Tarantino Says Blaming Movies for Sandy Hook Shooting Is Disrespectful To Victims
As a maker of violent movies, Quentin Tarantino is no stranger to controversy. Nearly every time a merciless killer causes a national tragedy, someone tries to put the blame on American movies because of the supposed glorification of violence therein. As a maker of unrepentantly violent movies, Tarantino's name is frequently pulled into the discussion. With his latest very violent movie opening just days after the horrendous tragedy of the Sandy Hook Elementary School murders, Django Unchained has drawn a lot of unfair criticism, especially considering the killer couldn't possibly have seen the film to be inspired to carnage by it.
Nonetheless, NPR's long form interview (Via THR) with the daring writer-director turned to the impact of movie violence on the real world. Clearly exasperated, Tarantino insisted one has nothing to do to the other, explaining:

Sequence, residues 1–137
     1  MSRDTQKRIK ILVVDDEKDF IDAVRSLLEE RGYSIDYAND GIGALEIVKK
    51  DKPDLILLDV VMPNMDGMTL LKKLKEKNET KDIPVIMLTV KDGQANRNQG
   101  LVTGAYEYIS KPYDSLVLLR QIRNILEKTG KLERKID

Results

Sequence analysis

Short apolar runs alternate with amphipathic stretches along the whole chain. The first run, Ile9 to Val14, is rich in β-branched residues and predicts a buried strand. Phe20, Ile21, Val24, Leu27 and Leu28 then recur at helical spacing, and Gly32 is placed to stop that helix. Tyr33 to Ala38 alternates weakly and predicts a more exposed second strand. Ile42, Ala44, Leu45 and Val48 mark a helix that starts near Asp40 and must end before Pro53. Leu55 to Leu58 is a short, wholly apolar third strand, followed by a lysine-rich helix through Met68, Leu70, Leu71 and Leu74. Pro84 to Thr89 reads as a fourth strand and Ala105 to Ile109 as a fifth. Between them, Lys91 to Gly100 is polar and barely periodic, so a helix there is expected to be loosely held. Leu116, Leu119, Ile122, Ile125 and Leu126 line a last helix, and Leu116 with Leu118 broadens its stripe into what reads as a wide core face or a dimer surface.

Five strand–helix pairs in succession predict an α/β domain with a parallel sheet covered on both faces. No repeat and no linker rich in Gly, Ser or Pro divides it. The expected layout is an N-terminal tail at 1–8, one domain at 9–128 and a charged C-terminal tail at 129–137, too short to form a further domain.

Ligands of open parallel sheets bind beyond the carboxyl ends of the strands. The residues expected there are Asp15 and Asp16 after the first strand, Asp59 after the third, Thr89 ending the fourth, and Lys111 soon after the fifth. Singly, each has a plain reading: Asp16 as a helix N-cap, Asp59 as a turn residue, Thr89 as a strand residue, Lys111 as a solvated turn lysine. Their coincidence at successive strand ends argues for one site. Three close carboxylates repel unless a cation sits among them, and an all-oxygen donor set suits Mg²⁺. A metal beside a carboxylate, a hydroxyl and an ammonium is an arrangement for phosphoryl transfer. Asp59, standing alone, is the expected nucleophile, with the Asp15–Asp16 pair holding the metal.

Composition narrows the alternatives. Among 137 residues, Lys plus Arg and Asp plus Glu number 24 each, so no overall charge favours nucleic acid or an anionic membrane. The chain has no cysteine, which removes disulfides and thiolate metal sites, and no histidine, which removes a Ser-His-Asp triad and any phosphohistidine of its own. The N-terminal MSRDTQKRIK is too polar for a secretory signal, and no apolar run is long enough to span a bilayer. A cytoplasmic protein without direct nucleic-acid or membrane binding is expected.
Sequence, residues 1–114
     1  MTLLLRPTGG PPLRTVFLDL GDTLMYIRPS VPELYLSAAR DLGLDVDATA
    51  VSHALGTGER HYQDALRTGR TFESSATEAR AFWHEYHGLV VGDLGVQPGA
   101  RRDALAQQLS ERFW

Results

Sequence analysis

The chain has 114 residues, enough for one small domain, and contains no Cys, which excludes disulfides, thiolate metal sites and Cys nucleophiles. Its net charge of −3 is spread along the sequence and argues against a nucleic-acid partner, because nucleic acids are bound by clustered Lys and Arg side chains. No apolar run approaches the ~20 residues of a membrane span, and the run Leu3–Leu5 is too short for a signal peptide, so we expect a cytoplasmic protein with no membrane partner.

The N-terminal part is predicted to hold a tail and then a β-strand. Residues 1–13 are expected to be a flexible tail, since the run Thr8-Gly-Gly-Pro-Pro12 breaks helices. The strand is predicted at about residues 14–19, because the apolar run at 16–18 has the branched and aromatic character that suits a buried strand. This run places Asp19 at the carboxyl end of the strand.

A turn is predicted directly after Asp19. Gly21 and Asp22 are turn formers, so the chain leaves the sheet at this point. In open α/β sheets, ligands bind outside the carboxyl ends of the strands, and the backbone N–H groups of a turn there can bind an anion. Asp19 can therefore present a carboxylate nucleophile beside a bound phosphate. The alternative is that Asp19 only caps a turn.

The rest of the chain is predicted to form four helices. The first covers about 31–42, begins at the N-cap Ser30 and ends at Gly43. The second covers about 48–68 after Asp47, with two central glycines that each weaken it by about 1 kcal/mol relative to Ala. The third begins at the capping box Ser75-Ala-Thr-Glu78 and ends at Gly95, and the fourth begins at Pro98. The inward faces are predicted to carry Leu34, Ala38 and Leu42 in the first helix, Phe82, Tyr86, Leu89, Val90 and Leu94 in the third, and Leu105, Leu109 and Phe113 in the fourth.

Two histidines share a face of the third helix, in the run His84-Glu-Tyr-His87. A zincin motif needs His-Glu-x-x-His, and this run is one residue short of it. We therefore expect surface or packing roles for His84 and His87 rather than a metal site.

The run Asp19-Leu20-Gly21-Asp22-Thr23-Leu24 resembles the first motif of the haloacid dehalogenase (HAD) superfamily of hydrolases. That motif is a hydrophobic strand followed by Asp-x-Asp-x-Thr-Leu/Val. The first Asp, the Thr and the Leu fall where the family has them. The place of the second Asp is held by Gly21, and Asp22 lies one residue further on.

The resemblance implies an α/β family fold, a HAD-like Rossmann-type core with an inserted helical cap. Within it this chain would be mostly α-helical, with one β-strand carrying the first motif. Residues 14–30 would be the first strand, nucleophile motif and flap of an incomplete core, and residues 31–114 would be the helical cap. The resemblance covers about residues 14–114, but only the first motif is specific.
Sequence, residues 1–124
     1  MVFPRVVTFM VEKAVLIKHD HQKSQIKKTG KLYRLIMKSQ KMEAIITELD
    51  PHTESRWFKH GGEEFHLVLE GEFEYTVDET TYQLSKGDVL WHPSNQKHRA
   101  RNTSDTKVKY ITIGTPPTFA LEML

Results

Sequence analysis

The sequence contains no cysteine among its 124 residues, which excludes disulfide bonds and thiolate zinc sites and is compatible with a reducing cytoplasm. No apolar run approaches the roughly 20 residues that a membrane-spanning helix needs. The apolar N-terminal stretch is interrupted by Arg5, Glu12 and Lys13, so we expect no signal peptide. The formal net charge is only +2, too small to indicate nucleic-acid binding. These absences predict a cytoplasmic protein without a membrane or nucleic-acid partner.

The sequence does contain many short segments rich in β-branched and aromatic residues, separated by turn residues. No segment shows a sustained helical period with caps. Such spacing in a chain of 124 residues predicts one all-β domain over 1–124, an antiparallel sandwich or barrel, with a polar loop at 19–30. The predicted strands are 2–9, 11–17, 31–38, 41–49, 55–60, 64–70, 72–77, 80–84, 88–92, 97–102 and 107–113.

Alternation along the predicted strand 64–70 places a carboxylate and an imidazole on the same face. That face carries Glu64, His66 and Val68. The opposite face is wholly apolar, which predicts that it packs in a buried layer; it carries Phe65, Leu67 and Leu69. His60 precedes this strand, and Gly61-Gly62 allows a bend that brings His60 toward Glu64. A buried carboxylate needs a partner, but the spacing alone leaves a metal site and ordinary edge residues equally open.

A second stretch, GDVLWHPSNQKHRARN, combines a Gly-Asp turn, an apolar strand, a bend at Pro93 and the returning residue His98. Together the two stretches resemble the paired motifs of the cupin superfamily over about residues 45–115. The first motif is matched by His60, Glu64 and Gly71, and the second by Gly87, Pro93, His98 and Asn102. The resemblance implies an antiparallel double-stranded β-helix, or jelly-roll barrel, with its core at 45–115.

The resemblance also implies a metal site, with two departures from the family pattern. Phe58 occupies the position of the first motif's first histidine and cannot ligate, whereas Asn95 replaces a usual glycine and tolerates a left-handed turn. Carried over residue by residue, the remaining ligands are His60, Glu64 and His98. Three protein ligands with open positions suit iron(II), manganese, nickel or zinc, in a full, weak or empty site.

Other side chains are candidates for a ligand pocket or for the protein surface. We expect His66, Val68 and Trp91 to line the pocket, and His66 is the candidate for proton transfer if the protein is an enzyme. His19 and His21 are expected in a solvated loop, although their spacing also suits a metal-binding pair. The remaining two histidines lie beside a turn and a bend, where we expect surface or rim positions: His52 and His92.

“I'm really annoyed. I think it's disrespectful. I think it's disrespectful to their memory ... of the people who died to talk about movies. I think it's totally disrespectful to their memory. Obviously, the issue is gun control and mental health.”
Tarantino could not be clearer where he stands on the societal causes of tragedies like Sandy Hook. But interestingly, "disrespectful" is a word that's been hurled at Django Unchained and Tarantino by Spike Lee, who has publically denounced the film, though he hasn't seen it. To briefly recap, Lee has said he has not watched the movie and will not because "American Slavery Was Not A Sergio Leone Spaghetti Western," and so watching Django Unchained would be "disrespectful" to his ancestors who suffered under the atrocity of slavery in the U.S.
While its violence and subject matter have sparked much outrage and accusations, that hasn't stopped Django Unchained from being a box office force.In fact, the spaghetti western, which is currently at the top of the box office, has already earned $82 million dollars, and is on track to be Tarantino's highest domestic-grossing effort yet.
Back to top
FROM THE WEB